Interesting how this works: A building that looks like a warehouse – it was a
Some folks travel on Route 462 and Route 30 in York County, Pa., without a thought that they are moving on important ground in the history of the nation’s highway system. That road – still the most heavily used east/west route in York County – was the best Atlantic/Pacific route a century ago.
This is one of scores of memorable photos coming from Red Land Little League’s run for the Little League championship last month. The U.S. Little League champs brought Red Land to the attention of the world. And with that came the question: Where is Red Land? Two York Town Square posts exploring the whereabouts of Red Land earned spots 1 and 3 in pages viewed by readers in August 2015.
Chanceford Township’s Guinston Presbyterian Church’s campus holds an unusual sight. Three church buildings stand there, representing three eras of church architecture.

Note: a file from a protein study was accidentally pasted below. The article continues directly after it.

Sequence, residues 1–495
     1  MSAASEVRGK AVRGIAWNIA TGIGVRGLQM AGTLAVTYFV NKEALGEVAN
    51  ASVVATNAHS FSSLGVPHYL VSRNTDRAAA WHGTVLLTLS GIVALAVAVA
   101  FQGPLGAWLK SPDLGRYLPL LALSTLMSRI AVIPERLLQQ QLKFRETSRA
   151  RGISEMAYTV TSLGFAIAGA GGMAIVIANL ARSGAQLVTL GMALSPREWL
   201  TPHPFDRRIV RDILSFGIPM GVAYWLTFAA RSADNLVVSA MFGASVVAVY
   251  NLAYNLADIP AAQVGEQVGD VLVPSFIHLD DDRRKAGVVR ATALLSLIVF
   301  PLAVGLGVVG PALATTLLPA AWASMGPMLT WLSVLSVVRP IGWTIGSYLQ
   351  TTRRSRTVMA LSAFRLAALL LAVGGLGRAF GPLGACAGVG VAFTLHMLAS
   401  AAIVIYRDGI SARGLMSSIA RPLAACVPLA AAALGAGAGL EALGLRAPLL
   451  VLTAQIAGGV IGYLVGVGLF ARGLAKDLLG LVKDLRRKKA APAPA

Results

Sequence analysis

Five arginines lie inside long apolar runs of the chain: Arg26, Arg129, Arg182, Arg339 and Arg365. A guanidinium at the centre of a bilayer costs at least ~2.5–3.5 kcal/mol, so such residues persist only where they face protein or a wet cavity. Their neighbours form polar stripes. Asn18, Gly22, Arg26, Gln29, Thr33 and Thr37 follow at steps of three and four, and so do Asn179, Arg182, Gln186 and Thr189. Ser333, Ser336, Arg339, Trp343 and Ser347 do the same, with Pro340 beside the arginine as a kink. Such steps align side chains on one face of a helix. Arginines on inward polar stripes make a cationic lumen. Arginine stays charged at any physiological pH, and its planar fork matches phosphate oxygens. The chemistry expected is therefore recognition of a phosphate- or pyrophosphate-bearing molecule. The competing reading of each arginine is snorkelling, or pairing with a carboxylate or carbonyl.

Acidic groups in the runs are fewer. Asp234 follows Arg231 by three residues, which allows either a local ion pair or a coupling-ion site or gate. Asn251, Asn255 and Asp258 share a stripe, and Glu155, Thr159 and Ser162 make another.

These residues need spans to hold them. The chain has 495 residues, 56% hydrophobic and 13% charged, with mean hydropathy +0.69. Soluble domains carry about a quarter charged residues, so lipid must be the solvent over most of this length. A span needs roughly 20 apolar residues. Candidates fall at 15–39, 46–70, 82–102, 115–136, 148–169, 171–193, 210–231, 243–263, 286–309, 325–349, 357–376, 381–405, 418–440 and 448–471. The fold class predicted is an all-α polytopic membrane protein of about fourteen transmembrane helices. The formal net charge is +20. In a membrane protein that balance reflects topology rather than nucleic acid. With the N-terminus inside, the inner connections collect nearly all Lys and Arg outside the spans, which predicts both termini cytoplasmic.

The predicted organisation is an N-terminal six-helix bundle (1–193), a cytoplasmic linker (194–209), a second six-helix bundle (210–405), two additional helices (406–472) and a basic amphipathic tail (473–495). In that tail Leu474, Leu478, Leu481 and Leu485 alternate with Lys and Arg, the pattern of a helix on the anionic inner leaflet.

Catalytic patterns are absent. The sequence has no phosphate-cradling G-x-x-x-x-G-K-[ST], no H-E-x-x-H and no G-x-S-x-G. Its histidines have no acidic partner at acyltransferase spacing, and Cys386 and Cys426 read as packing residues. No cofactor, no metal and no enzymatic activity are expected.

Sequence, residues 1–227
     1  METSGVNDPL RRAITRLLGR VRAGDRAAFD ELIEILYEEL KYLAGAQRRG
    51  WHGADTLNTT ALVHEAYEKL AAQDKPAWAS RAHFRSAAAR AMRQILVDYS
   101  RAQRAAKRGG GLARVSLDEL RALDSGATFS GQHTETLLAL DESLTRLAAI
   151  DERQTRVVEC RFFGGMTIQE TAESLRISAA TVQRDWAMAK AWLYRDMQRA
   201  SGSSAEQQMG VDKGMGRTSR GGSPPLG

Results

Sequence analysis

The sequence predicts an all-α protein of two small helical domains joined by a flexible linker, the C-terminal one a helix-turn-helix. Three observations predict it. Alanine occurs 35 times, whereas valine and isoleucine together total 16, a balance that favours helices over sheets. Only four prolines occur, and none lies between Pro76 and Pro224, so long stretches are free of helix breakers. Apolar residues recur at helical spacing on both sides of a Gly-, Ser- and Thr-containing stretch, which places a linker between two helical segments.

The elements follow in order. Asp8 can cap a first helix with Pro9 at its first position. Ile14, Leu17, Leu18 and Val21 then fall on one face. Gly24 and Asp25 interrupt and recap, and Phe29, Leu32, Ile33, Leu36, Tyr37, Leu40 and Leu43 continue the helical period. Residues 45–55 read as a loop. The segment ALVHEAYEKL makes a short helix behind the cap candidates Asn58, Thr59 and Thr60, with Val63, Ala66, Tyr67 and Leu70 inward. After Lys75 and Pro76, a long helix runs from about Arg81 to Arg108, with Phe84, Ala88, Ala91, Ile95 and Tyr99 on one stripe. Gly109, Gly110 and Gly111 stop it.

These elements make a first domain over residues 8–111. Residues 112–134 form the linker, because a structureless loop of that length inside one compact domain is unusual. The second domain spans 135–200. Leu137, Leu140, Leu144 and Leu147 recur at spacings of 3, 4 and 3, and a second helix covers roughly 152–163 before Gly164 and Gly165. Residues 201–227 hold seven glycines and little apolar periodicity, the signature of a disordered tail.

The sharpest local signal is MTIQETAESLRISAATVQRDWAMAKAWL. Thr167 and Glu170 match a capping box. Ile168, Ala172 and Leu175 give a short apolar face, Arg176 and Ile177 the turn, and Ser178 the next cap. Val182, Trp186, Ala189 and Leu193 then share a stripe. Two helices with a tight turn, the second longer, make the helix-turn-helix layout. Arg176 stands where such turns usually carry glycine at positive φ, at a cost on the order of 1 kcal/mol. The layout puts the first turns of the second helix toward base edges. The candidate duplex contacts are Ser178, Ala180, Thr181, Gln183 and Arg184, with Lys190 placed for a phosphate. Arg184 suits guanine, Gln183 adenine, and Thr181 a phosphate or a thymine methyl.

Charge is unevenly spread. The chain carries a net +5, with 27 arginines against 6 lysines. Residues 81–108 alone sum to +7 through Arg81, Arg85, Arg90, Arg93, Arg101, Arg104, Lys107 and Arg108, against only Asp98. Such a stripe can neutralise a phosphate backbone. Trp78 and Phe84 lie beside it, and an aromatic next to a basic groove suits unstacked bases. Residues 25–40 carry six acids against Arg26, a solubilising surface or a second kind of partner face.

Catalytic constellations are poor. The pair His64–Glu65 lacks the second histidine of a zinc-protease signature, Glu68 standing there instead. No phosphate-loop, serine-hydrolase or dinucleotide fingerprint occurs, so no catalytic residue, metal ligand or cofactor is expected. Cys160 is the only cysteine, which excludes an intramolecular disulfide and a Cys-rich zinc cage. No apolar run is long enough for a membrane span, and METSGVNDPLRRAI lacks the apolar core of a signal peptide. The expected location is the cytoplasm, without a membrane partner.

Harrisburg, Pennsylvania’s capital city, is busy at night. This is a scene that intersects and parallels with York, Pa.’s downtown story. About a decade ago, York was betting on nightclubs to spawn rebirth to replace loss of retail and other renaissance initiatives. That had worked in Harrisburg, and York’s leaders hoped for similar results. Well, nightclubs didn’t work in York, and actually, the nightclub phase has moved through Harrisburg, too, as this FlipSidePa.com story indicates. Now it’s a place for eateries and music. ‘It has become more attractive now for date night — young professionals going out for an evening for drinks and entertainment. We’re seeing more emphasis on the dining experiences and the variety of experiences that you can have along Second Street still fun, still great nightlife but not every other door is a nightclub,’ a visitors bureau official told FlipSide. You’re seeing some of that in York, too. It’s interesting to track changes in a downtown, and it might make sense to keep an eye on Harrisburg’s transition. York might follow the same path.